The purpose of this paper is to investigate whether the level of market concentration in Sri Lanka's banking sector is positively associated with bank‐specific interest…

Abstract

Purpose

The purpose of this paper is to investigate whether the level of market concentration in Sri Lanka's banking sector is positively associated with bank‐specific interest spreads after controlling for other bank‐specific and exogenous influences.

Design/methodology/approach

A pooled, time‐series and cross‐section model is utilized which distinguishes between banks’ dominance in loan and deposit market segments. Results are presented for the total sample as well as for a truncated sample of private‐owned banks.

Findings

Changes in industry concentration do not affect bank‐level interest margins of Sri Lankan banks. Nevertheless, the dominant Sri Lankan banks seem to extract them and banks’ cost structures are priced in their interest spreads. The less‐capitalized, high risk banks operate with narrow interest margins, possibly due to the relatively higher deposit rates they pay to attract deposits. Although regulatory changes seem to have no effect, the growing capital market exerts negative pricing pressure on Sri Lankan banks.

Practical implications

The regulators should closely watch banks with larger loan and deposit market shares because they seem to exploit their dominant presence and geographical reach to extract higher spreads. Similarly, state‐owned banks should also draw regulatory attention for they extract higher interest margins, possibly, in lieu of their high operational inefficiency levels.

Originality/value

The authors employ an extended time‐series and cross‐section model which controls for sample heterogeneity using proxies for cost structures, risk profiles, regulatory restrictions and other environmental influences. Moreover, as far as it could be ascertained, this is the first such study on Sri Lanka's banking sector.

Details

South Asian Journal of Global Business Research, vol. 1 no. 1
Type: Research Article
ISSN: 2045-4457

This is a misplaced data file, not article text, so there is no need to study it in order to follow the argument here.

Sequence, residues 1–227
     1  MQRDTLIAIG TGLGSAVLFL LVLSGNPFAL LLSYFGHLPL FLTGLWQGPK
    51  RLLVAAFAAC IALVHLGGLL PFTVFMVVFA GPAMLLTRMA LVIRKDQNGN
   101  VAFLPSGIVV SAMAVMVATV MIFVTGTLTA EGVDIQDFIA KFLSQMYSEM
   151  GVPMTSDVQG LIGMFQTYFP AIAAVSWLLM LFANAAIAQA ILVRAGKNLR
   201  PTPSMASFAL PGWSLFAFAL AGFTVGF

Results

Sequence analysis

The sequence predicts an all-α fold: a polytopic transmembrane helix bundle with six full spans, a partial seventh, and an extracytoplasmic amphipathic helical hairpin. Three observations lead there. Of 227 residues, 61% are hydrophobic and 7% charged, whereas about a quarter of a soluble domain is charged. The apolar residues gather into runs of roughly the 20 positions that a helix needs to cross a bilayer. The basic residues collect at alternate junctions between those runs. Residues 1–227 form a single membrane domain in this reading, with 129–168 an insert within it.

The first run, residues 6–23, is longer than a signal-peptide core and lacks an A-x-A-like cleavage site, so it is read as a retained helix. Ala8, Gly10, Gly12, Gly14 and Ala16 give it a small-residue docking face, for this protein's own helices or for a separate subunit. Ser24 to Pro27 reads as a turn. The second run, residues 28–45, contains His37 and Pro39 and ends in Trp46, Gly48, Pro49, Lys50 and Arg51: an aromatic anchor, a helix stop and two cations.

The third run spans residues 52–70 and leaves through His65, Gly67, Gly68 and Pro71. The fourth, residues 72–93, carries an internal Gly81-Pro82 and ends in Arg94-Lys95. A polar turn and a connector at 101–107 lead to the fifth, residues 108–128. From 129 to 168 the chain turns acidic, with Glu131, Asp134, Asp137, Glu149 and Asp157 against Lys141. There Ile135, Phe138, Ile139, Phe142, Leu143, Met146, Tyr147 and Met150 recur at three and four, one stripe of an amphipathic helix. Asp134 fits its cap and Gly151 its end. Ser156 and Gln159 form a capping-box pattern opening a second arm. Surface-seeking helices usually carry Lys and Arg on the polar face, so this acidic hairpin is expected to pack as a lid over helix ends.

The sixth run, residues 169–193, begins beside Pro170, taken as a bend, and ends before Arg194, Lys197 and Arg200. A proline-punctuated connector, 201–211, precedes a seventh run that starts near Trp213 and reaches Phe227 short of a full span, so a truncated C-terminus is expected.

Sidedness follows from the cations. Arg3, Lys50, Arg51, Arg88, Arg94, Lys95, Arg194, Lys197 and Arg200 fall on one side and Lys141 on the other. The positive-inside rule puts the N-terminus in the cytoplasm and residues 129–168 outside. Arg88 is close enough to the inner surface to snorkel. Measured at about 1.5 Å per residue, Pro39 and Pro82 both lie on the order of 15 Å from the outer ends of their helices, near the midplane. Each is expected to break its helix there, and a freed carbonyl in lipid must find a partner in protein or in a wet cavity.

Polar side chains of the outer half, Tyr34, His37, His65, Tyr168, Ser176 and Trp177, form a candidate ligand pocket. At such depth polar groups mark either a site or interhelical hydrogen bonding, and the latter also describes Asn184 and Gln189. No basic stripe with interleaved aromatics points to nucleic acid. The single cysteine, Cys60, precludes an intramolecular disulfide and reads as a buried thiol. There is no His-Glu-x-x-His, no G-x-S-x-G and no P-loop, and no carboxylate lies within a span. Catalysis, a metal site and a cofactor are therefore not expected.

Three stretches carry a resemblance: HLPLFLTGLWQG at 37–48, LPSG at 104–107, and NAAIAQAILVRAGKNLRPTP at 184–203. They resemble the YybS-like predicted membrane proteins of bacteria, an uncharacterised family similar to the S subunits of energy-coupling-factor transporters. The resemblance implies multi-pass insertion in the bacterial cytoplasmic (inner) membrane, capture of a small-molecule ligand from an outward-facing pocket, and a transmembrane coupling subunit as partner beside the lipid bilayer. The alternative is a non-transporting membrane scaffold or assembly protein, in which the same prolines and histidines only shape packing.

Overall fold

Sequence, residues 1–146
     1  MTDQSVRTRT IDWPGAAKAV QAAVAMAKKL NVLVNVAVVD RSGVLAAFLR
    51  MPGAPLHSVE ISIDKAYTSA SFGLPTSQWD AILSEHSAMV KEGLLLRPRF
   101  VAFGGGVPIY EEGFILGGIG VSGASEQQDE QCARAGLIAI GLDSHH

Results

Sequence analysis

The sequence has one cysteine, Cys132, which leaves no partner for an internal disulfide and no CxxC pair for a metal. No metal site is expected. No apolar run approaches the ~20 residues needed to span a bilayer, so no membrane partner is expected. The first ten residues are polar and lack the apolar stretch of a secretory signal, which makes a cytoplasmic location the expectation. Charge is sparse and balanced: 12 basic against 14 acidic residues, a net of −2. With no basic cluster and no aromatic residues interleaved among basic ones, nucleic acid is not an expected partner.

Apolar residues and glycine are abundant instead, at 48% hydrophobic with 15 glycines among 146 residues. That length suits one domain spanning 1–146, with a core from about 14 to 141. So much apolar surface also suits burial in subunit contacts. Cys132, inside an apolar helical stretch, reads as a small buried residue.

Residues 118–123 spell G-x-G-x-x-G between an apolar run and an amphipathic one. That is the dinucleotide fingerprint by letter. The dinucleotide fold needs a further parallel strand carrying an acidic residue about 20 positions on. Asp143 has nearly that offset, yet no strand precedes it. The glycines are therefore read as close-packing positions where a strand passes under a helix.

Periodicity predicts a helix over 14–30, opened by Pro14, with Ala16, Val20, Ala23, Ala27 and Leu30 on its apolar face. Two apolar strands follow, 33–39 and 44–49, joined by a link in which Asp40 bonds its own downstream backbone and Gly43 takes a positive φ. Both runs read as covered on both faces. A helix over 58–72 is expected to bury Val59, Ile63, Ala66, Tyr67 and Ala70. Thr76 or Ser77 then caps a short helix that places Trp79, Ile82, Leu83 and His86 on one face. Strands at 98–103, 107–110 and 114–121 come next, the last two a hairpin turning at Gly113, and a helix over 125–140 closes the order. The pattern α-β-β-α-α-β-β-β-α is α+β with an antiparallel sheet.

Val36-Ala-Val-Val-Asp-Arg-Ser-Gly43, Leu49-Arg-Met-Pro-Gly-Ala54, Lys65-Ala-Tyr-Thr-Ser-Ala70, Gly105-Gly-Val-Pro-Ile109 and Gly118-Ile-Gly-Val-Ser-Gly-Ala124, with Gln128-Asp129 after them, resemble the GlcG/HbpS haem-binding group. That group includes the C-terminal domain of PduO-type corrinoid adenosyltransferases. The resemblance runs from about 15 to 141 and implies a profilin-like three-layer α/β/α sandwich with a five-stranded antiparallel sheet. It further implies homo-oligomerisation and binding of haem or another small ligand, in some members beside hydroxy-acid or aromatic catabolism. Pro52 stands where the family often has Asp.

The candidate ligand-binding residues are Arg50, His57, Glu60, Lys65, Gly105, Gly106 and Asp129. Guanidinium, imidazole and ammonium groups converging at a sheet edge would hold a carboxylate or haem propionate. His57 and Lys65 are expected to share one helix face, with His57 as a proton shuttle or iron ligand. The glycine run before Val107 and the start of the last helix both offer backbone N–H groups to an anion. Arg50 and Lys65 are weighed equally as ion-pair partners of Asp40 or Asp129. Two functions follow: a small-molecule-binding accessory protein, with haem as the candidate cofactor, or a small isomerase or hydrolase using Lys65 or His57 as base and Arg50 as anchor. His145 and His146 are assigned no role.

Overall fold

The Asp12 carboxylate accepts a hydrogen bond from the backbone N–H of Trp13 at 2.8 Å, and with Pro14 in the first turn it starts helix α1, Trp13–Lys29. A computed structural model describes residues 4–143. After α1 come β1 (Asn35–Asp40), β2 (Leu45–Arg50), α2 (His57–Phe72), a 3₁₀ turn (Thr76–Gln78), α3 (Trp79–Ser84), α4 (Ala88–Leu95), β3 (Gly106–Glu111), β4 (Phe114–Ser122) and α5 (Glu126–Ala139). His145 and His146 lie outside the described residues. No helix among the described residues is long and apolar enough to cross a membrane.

Keywords

To view the access options for this content please click here
Article
Publication date: 26 January 2010

Shrimal Perera, Michael Skully and J. Wickramanayake

The purpose of this paper is to investigate whether any deviations in South Asian banks' interest margins can be attributed to market concentration (MC) after controlling…

Abstract

Purpose

The purpose of this paper is to investigate whether any deviations in South Asian banks' interest margins can be attributed to market concentration (MC) after controlling for other bank‐specific factors and exogenous environmental influences.

Design/methodology/approach

The paper employs an improved structural price‐concentration model with multiple definitions of market share (MS) covering loan and deposit markets. This model is estimated using generalized least squares method and random effect estimates are reported. The sample consists of 120 South Asian banks with a total of 1,226 bank‐year observations over 1992‐2005.

Findings

The findings suggest that no significant deviations in bank interest margins can be attributed to MC. Instead, only dominant South Asian banks with larger MSs are found to extract higher interest margins.

Research limitations/implications

This paper suffers from three main limitations: first, due to data limitations the sample only consists of South Asian domestic commercial banks. Second, due to the lack of product‐specific interest rates the authors have to contend with approximated bank‐specific interest margins. Third, throughout the study, annual bank‐specific data are used due to lack of high‐frequency data.

Practical implications

The regulators should closely monitor dominant banks with larger loan and deposit shares because these institutions operate with higher interest margins. Similarly, state‐owned banks (with relatively inefficient cost structures) should also draw regulatory attention for they extract higher interest margins, possibly, for survival.

Originality/value

The existing literature is extended by utilizing a pooled cross‐section and time series data model which controls for sample heterogeneity using proxies for cost structures, risk profiles and regulatory restrictions.

Details

International Journal of Emerging Markets, vol. 5 no. 1
Type: Research Article
ISSN: 1746-8809

Keywords

To view the access options for this content please click here
Book part
Publication date: 16 February 2006

Michael Skully and Kym Brown

Romania was a centrally planned economy until 1990. Over 1950 to 1975 large-scale government investments were made into heavy industry and hence productivity increased…

Abstract